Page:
Re: Nematode worms       6/20/15

Thank you so much!
<Welcome>
Best regards,
Marc
<Simple chlorine shocking procedure will very likely rid your system of these larval insects. BobF>

Strange worms in tubes and algae       3/13/15
I have a newly planted freshwater aquarium with no fish. I have a few Amazon swords, crypts, and Anubias plants. I have 2 t5 fluorescent grow lights. My planted tanks has some kind of dark green algae with squiggly lines and with some kind of worms. The worms are growing in some kind of single tube.
<Indeed! Sessile chironomid larvae or similar. Also an Hydra visible in one photo, the branched, off-white tree-like organism.>
The worms poke their heads out of tube for a few seconds and then go back in the tube and hide.
<Yes.>
I can't find anything like them on the internet and was hoping you might be able to tell me what they are and if I should get rid of them and is it safe to put fish in the tank with them?
<Harmless filter-feeders; fish food. The hydra is a bit more of a risk in a breeding tank (will catch, eat tiny fry).>
Here is a couple of pictures. Thanks in advance for any help you can provide. Sincerely, Robert.
<Most welcome. Neale.>

very nice pic.

Wormlike wigglers in cycling tank      /Neale        2/19/15
Can you guys identify what these are? They appear to be little white worms in the water but zoomed in they look like larvae of some type. This is in a new setup about 4 weeks old, no fish, fresh black onyx sand, RO water, and 81 degree temp. They seem to have come out of no where. Thanks in advance. Video below image.
<Midge larvae or something similar. Totally harmless, and likely fish food if you add anything insectivorous of appropriate size (such as tetras). Not mosquitoes, anyway, which attach to the surface film of water. Cheers, Neale.>
Wormlike wigglers in cycling tank    /RMF
       2/19/15
Can you guys identify what these are?
<Mmm; yes>
They appear to be little white worms in the water but zoomed in they look like larvae of some type. This is in a new setup about 4 weeks old, no fish, fresh black onyx sand, RO water, and 81 degree temp. They seem to have come out of no where. Thanks in advance. Video below image.
<Insect larvae... heads appear too small to be mosquitoes, maybe Midge larvae. I'd net out, remove. Bob Fenner>

Re: Wormlike wigglers in cycling tank      2/19/15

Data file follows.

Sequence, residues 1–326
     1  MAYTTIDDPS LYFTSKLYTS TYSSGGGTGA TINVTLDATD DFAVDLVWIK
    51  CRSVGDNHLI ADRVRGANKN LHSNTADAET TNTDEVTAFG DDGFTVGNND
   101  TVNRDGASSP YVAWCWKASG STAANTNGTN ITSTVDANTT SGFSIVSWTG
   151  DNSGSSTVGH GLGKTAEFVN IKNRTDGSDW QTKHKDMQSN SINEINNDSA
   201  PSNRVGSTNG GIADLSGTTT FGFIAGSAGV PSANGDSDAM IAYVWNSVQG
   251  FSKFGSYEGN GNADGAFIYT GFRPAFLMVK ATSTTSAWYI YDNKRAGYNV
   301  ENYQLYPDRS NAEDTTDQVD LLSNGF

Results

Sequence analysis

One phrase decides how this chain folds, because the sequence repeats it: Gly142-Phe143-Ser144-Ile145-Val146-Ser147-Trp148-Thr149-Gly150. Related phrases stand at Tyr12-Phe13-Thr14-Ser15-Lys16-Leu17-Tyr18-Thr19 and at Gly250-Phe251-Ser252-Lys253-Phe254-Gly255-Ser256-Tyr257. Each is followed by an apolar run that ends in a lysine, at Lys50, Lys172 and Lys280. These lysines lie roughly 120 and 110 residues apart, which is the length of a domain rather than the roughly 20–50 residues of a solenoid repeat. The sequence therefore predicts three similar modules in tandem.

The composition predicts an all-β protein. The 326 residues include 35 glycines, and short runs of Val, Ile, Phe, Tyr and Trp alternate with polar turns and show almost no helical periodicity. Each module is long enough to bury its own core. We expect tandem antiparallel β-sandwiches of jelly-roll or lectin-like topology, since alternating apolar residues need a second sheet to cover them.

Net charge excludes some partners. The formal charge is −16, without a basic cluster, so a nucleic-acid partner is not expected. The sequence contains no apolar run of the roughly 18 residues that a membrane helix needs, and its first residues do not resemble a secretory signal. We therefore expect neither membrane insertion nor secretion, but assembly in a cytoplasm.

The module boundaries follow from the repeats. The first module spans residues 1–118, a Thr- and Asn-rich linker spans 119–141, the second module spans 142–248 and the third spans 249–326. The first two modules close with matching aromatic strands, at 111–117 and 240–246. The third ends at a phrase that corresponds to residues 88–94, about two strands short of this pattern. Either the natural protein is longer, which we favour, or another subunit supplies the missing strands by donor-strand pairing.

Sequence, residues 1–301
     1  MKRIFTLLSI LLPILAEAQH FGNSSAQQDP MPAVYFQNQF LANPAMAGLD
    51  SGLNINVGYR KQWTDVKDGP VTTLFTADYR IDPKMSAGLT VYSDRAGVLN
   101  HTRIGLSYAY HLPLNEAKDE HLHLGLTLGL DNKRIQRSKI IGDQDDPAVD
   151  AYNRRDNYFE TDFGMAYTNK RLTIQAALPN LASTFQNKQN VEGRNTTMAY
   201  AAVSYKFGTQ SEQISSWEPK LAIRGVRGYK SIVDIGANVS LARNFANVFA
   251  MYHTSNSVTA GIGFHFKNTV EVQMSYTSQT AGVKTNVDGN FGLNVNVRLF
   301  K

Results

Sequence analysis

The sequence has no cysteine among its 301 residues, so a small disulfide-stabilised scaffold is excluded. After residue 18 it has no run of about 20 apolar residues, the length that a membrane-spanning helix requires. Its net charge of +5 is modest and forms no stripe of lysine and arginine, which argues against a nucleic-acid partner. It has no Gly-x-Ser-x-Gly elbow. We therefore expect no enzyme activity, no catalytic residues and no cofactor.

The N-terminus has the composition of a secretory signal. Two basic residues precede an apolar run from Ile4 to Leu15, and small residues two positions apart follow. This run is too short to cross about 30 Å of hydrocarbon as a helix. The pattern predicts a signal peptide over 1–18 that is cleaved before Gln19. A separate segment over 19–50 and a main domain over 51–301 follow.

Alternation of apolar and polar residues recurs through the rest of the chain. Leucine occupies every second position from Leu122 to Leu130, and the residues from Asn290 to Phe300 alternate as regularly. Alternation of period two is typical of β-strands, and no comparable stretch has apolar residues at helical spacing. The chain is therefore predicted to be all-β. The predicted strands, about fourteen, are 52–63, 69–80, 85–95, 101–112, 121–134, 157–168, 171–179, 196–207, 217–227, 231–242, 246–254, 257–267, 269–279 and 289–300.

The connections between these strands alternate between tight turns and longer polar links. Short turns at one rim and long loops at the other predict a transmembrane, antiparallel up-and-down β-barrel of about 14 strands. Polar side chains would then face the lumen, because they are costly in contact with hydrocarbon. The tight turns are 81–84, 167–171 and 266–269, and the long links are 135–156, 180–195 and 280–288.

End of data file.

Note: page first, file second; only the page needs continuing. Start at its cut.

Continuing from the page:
Bob,
Thanks for the reply. I added what is now a very full and satisfied Platy to the tank.
<Heeee! I bet!>
The thing couldn't get to the little morsels fast enough. Happy to say that all wigglers are gone.
Thanks again.
<Cheers Mark. BobF>

Could you all please I.D.      1/1/15
Any clue? I've asked around, yet nobody seems to know.
<Mmm; would like a bigger, better resolved pic... My initial guess is that this is a juvenile Tunicate, a larval Ascidian of some kind/species.
Bob Fenner>

Re: Could you all please I.D.     1/2/15
This is the best I have
<Video clip>
 I had gotten rid of him, I didn't want him to harm my tank.
<Won't>
Thanks for getting back with me bob fenner
<My guess is still on the Thaliacean. BobF>
Inputs for Bob (Re: Could you all please ID dated 1/1/2015)   1/3/15

To my Kumpadre Bob,
<Hey Rix!>
Hi! I hope you and the crew had a great time during the holidays. I'd like to chime in on the erstwhile unidentified organism in the letter dated 1/1/2015. No info was given regarding the habitat, but if it was collected in freshwater, it might be a rat-tailed maggot.
<Just looked up; neat!>

I had fun collecting these in anoxic creeks during my younger years in Manila (gosh the memories haha). Hope this info helps. Thanks for all the help you and the crew have been providing all these years, and wishing you all the best for 2015.
Salamat!
Rix Pavia
Manila
<Mabuhay mi pare jo! Bob Fenner>

Weird Things in my Tank     11/6/14
Hello, my name is Brooke. I'm writing in regards to these strange creatures
I found in my boyfriend's fish tank. He has a 29 gallon tank that was purchased on September 27th. He currently has 3 Gold Danios and a couple snails. He's waiting for the tank to cycle before adding other fish. The PH is about 7.2. The ammonia fluctuates between 0 and 0.25, the Nitrites are 0 and the Nitrates are at 40. He's new to the hobby, but has done everything according to what the people at our local fish store have recommended. He keeps the tank at 76 degrees. He has an Aquaclear 30 filter. He has live plants that were purchased at the time of the tank, before the fish. He has, I believe, Fluorite Black substrate mixed with a little black gravel.
We do weekly 10% water changes. During the water change, he suctions the substrate as well as he can without digging up plants. I'm not sure if all of this is useful to you in helping to ID these creatures, but figured it would be better to include it, just in case. I noticed the creatures about a week ago. They looked like small bits of root coming off some of the plants that have been floating at the top of the water. The creatures were green in color, small, and long. After closer inspection, I saw that there were also some that were a little larger and brown. I did some research (days of pouring over Google as well as your site) and couldn't find anything other than maybe a Damselfly Nymph, but still felt like it was unlikely. I decided to watch and see what happened. As they got larger, they started to look like they had little bug or shrimp bodies sticking out of the long, skinny, brown "shell," and I could see a "vein" pumping through the "shell." They also look like they have a long piece of plant root attached to their top sides. They don't seem to have a preference as to which portion of the tank they are in, as long as they are on something.